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Deepwater Horizon oil spill investigation finishes

Remote operated vehicles (ROV) monitoring the wellhead used for in stricken Deepwater Horizon drilling platform in the USA finally ended operations today after no further leaks where found.

ROV have been monitoring the Macondo wellhead in the Gulf of Mexico since the drilling rig explosion and subsequent oil spill in 2010. The oil spill was caused when the sinking of the rig caused the 1.5km long riser pipeline – which connects the well on the sea bed to the rig on the surface – to rupture.

Operations by the ROV were observed by the US Coast Guard, Bureau of Ocean Energy Management, Bureau of Safety and Environmental Enforcement along with oil company and leaser of the rig BP and rig operator Transocean and confirmed no further oil could be seen leaking from the well.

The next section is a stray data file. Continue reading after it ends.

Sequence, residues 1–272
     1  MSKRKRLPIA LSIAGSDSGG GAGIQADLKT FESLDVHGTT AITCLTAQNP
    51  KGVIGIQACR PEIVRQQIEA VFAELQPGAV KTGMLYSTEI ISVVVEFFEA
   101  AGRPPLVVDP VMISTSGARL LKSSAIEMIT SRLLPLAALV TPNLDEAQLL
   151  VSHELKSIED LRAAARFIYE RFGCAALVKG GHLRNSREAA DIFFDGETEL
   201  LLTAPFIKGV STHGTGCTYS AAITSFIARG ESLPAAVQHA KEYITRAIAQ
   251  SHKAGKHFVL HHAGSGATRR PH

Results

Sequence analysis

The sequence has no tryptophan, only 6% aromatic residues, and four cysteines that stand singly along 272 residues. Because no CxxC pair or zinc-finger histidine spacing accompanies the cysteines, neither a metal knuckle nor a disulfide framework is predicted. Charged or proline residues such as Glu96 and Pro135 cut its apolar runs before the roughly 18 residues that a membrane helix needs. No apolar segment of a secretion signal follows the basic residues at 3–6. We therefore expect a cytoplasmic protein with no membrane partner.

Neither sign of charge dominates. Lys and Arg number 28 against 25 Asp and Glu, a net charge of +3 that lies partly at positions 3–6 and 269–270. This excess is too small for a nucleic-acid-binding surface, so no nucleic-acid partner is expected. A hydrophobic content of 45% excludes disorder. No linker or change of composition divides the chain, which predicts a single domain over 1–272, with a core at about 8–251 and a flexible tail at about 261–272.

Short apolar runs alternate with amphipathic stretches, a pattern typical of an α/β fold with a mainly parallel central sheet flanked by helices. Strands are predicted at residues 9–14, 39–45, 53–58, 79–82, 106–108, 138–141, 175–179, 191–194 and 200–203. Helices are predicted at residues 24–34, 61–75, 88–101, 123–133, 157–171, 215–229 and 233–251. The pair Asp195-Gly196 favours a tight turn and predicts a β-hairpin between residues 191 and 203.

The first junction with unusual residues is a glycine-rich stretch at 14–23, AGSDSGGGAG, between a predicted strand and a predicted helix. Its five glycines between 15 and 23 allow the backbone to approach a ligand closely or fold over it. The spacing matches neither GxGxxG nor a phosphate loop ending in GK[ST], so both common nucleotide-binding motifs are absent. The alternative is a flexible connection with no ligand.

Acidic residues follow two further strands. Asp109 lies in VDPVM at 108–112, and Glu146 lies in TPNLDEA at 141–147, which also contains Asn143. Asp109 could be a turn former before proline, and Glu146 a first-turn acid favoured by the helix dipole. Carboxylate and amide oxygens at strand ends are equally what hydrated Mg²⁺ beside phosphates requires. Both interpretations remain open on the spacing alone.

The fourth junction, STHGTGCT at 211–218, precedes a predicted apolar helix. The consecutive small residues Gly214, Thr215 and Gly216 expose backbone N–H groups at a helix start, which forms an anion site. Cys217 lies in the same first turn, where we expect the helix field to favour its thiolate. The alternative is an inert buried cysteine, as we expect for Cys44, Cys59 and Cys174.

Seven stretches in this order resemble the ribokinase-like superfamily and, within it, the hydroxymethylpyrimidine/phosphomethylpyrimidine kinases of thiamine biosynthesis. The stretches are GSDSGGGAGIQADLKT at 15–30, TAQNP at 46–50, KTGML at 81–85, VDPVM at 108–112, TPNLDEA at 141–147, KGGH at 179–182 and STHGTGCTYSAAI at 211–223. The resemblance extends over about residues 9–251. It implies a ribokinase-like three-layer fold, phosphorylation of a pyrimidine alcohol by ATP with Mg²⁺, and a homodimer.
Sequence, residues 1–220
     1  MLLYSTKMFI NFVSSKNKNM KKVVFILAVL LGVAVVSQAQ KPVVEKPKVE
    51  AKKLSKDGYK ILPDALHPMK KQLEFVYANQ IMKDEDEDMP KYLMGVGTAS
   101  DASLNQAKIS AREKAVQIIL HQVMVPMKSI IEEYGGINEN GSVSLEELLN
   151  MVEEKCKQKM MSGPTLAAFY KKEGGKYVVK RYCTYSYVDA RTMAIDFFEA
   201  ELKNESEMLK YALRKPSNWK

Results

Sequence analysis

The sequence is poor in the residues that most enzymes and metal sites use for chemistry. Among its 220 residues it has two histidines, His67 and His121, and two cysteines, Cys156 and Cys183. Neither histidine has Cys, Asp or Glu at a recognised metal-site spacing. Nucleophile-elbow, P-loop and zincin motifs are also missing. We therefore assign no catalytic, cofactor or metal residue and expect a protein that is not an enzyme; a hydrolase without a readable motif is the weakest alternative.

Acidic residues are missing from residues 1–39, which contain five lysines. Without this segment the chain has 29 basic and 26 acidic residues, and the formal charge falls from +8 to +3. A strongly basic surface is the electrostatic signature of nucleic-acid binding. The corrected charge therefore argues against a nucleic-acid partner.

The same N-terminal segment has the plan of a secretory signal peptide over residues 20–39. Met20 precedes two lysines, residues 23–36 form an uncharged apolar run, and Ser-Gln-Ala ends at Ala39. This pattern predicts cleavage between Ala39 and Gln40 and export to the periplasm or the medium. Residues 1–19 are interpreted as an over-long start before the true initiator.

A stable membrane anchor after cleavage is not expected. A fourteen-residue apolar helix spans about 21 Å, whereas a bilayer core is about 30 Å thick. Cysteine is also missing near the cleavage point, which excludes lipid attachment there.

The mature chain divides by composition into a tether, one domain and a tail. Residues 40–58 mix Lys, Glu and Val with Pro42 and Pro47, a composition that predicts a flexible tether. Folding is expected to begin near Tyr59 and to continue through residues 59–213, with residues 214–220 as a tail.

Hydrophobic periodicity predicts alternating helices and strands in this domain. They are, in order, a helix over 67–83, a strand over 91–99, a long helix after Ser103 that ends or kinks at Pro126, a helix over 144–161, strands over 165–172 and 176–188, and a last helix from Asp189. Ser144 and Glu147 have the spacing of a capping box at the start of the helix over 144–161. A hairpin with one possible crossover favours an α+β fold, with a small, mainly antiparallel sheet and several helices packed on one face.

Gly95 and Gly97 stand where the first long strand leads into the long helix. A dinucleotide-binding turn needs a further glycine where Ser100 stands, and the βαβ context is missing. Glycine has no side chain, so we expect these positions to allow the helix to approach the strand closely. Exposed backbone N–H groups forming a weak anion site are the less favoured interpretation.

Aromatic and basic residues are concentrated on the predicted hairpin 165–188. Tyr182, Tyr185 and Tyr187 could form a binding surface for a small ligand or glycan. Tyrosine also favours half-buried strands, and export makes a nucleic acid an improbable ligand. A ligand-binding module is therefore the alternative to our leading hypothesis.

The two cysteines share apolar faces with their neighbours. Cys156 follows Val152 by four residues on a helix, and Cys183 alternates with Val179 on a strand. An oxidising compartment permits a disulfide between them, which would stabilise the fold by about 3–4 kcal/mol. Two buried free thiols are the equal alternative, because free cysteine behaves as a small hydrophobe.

“No apparent source of the surface sheen has been discovered by this effort,” said Federal on-scene coordinator for Deepwater Horizon Captain Duke Walker. “Next steps are being considered as we await the lab results of the surface and subsurface samples and more detailed analysis of the video shot during the mission.”

Following the oil spill, the Macdono wellhead was closed off and cemented to prevent more oil spilling on the shorelines of Louisiana, Mississippi and Florida in the Gulf of Mexico.

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